Practice pausing by noticing your feelings, thoughts, and actions in the moment. Don’t analyze, criticize, or try to fix anything. Simply ask questions like “What do I believe right now?” “Are these beliefs really true?” “How would my life change if I letgo of this belief?” Notice how such pauses foster shifts in your thinking and feeling when you are experiencing a challenge, impasse, or even fatigue.
Selah is a Hebrew word that is used extensively in the Bible, particularly in the Psalms, which is often interpreted as “stop and listen.” A national organization, Selah Freedom, is dedicated to ending sex trafficking and bring freedom to the exploited. They interpret Selah as to pause, rest, reflect. Psychologist Rollo May wrote, “Human freedom involves our capacity to pause, to choose the one response to throw our weight.”
Selah Freedom has a residential program for victims of trafficking that provides needed therapy and life coaching to help the young women overcome the damage of past trauma and find new life paths. The program offers personalized educational plans, job placement, trauma therapy (including equine therapy), education in life skills, medical and legal assistance, and holistic restorative care.
I have the honor of facilitating iRest Yoga Nidra meditation programs at Selah Freedom’s Chicago residential facility. During iRest, the women, mostly in their late teens and twenties, set aside their dark past and whatever has gone on in their day. They lie down on blankets and pillows and slip into deep relaxation and even dreamless sleep as I guide them in mindfulness practices aimed at helping them feel safe. The practice teaches them to welcome emotions and self-limiting beliefs, which ultimately lose their potency. This clears the way to uncover their wholeness and worthiness.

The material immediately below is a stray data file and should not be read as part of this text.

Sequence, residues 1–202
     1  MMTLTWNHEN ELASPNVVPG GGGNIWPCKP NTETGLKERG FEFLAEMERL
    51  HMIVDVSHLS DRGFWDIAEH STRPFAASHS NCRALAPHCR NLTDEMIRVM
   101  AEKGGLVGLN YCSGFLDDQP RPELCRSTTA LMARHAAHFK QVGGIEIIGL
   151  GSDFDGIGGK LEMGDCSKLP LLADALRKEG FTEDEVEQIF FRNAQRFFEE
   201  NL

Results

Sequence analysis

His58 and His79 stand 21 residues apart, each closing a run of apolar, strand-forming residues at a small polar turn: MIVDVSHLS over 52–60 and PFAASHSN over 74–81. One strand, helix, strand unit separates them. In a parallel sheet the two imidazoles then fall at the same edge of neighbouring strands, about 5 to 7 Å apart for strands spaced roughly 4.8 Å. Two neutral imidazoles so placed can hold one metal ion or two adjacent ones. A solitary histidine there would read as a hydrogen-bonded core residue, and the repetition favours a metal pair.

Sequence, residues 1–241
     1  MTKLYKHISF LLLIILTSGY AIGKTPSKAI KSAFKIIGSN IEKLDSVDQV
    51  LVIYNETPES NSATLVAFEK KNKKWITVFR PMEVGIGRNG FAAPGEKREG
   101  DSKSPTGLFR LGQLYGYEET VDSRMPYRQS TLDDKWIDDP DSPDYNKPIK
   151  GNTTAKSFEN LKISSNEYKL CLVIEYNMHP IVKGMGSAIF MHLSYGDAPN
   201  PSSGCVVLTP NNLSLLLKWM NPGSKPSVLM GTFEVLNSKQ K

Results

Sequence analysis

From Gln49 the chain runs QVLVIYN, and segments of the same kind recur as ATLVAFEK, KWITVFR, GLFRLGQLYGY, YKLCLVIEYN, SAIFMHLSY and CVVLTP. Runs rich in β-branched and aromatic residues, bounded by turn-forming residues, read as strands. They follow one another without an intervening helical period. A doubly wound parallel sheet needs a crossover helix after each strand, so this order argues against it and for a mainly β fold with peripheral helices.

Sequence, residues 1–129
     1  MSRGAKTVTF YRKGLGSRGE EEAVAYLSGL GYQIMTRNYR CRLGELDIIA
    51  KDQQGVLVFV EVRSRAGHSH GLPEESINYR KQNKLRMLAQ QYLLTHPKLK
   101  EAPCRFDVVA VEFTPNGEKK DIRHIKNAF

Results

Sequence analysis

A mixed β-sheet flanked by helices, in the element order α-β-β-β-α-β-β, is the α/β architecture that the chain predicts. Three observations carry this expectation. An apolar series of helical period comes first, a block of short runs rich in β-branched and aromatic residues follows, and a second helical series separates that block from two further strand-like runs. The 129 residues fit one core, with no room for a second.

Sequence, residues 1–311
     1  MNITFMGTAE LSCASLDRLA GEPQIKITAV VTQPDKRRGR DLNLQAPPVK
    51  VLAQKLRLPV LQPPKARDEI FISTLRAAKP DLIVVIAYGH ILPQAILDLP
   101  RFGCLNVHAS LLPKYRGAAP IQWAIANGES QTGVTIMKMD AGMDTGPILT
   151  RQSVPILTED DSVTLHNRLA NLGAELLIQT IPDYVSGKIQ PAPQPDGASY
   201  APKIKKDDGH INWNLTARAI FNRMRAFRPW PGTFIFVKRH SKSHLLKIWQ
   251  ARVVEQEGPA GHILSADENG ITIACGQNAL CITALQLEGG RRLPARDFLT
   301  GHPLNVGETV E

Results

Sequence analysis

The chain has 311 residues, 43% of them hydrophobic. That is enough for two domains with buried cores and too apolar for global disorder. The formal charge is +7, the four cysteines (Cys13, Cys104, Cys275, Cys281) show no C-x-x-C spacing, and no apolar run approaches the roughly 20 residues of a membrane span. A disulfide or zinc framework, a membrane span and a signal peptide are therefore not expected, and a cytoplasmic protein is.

Pausing: make it a habit
You may not have a staff of coaches and therapists focused on helping you achieve your life goals, but you can do much of this work on your own by finding your own way to pause.
Pausing provides space to discover your deepest desires. When you do this regularly and intentionally, those desires become a motivating force, like an inner compass reminding you to stay on your path and sort out what’s right for you and what’s not…not this, not that, YES this!
Getting in the habit of taking regular pauses can help you recharge and become more connected to life. What you do for yourself, you do for others. What you do for others, you do for yourself.
Your most healing pauses may be simply resting and being. You might start by taking a deep breath, expanding the whole rib cage and belly, then resting and letting go. Use this simple acronym as a reminder: TAP RIB—Take a Pause, Rest in Being.
I would like to leave you with a few words from a poem by William Stafford titled “You Reading This, Be Ready”: “…carry into evening all that you want from this day. The interval you spent reading or hearing this, keep it for life.”
I hope you regularly take pause to note what you wish to carry forward in this day and in your life.